Purpose/Rationale for lesson



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Lesson Plan Template Rev 10/1/09 Dr. Thieman

Name: Kali Burns Age/Grade Level: 8th grade

Subject Area(s): Library Media/ Language Arts

Unit Title: Multicultural Literature

Lesson Title: Week 1, lesson 1 Estimated Time: 45 minutes


Purpose/Rationale for lesson: To introduce students to multicultural literature to form literature circles and collect information for final essay:

“What does multiculturalism mean to me?”


Curriculum Framing Questions:

Essential Question:



-What does multiculturalism mean to me?

Unit Question that applies to this lesson:



-What does multicultural literature teach us about the people of the world?

-Where do I see multiculturalism in my daily life?
Lesson or Content Question(s):


  1. What is happening between character A & B



  1. What is culture? Examples



  1. Does everyone have a culture? Examples



  1. How do you identify your culture?



  1. Have you ever felt like you were being labeled or treated differently because of your culture?



  1. Have you ever had a situation similar to characters A and B in the novel while observing a person from a culture different than your own?

Goal:

-For the students to gain an idea of what qualifies as multicultural literature, and discover how this knowledge relates to their own lives and experiences.

-For the students to read books about a variety of cultures to gain deeper knowledge of the people around them.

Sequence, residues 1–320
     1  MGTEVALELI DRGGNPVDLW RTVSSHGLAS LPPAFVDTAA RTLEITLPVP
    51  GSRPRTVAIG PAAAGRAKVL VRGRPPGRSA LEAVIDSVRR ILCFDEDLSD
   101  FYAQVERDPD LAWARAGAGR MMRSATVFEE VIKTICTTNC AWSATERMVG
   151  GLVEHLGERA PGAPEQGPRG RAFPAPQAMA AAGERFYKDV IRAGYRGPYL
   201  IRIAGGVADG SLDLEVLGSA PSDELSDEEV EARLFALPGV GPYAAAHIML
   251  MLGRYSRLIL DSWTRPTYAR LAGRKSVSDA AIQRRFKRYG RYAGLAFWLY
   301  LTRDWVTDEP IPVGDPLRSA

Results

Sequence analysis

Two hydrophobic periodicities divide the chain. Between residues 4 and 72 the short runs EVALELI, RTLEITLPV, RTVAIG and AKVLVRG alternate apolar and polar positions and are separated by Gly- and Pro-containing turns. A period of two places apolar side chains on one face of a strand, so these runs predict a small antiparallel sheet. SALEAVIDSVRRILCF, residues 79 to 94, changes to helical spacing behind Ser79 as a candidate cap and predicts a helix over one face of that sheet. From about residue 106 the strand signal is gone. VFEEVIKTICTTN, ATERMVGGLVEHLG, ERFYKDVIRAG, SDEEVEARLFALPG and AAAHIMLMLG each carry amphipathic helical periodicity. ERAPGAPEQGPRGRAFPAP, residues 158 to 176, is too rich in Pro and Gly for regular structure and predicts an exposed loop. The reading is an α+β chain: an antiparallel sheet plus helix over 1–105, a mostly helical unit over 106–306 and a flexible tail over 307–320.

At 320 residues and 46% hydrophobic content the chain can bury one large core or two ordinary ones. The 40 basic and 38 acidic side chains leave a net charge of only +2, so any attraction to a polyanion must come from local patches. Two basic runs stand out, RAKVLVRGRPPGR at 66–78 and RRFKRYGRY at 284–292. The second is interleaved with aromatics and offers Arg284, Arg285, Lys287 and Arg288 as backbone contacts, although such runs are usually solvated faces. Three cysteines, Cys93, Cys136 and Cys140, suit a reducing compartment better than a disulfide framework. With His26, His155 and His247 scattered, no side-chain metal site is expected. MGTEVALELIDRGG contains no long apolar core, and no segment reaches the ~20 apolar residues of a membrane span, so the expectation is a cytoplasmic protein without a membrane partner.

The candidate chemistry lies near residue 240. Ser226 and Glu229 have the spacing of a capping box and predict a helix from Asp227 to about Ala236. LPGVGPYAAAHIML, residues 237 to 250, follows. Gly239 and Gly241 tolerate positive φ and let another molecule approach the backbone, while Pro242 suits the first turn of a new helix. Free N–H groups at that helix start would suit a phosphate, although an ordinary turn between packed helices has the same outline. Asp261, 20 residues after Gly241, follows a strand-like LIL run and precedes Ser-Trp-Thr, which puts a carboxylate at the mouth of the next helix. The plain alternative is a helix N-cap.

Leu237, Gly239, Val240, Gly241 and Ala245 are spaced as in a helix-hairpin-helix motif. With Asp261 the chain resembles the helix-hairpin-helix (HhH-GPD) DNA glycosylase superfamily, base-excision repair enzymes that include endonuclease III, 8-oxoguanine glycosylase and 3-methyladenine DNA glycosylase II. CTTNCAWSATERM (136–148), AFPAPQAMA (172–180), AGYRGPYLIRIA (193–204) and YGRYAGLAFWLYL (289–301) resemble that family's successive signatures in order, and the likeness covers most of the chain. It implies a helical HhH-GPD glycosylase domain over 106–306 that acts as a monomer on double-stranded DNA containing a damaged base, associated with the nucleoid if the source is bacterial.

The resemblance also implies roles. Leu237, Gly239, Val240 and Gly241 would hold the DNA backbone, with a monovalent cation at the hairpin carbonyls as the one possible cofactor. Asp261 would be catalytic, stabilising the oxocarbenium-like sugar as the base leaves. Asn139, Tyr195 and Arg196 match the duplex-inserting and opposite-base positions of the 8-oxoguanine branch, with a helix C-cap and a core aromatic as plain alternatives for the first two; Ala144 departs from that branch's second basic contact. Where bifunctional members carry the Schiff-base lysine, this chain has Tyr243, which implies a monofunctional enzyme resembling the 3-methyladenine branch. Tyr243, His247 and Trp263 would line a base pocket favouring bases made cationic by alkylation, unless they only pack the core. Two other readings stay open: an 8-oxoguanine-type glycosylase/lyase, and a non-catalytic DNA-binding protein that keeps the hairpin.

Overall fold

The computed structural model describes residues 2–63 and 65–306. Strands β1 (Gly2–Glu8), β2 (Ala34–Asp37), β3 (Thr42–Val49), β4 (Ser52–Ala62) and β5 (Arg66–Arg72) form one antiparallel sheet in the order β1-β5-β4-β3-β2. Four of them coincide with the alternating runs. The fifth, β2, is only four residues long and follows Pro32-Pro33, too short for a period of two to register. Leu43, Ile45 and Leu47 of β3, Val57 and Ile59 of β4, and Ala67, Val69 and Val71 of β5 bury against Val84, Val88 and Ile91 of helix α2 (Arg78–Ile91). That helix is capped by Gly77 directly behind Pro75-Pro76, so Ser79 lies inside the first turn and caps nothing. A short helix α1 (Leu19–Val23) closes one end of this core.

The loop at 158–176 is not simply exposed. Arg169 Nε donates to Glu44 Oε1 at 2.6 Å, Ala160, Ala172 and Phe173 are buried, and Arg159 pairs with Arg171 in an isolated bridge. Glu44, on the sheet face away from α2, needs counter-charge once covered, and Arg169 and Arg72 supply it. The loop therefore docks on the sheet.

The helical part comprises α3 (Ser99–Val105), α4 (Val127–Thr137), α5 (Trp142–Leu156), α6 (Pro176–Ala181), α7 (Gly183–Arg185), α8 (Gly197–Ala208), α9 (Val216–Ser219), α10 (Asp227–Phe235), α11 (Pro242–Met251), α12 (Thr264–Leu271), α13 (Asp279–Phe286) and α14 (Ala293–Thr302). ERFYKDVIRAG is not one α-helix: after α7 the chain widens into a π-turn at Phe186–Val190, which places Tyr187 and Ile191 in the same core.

Learning Objective(s): -For the students to read more multicultural literature and achieve knowledge about cultures different and similar to their own in the United States and beyond.

Curriculum Standard(s):

American Association of School Librarians Standards for the 21st Century Learner:




      1. Follow an inquiry- based process in seeking knowledge in curricular subjects, and make the real- world connection for using this process in own life.


1.1.4 Find, evaluate, and select appropriate sources to answer questions.
Materials Needed: Multicultural books
Background knowledge or skills students need prior to lesson: Knowledge of library procedures, library behavior, and reading skills (however there will be a broad range of reading levels for the titles included in the Choice book/ DVD selection.)
Hook or Introduction: Librarian plays the first two chapters of Seedfolks by Paul Fleishman. The recording is read by a large variety of voices in a theatrical way with expression and accents authentic to the cultures being represented. Twelve multicultural books are presented beginning with an Animoto book trailer created by the librarian.
Procedures: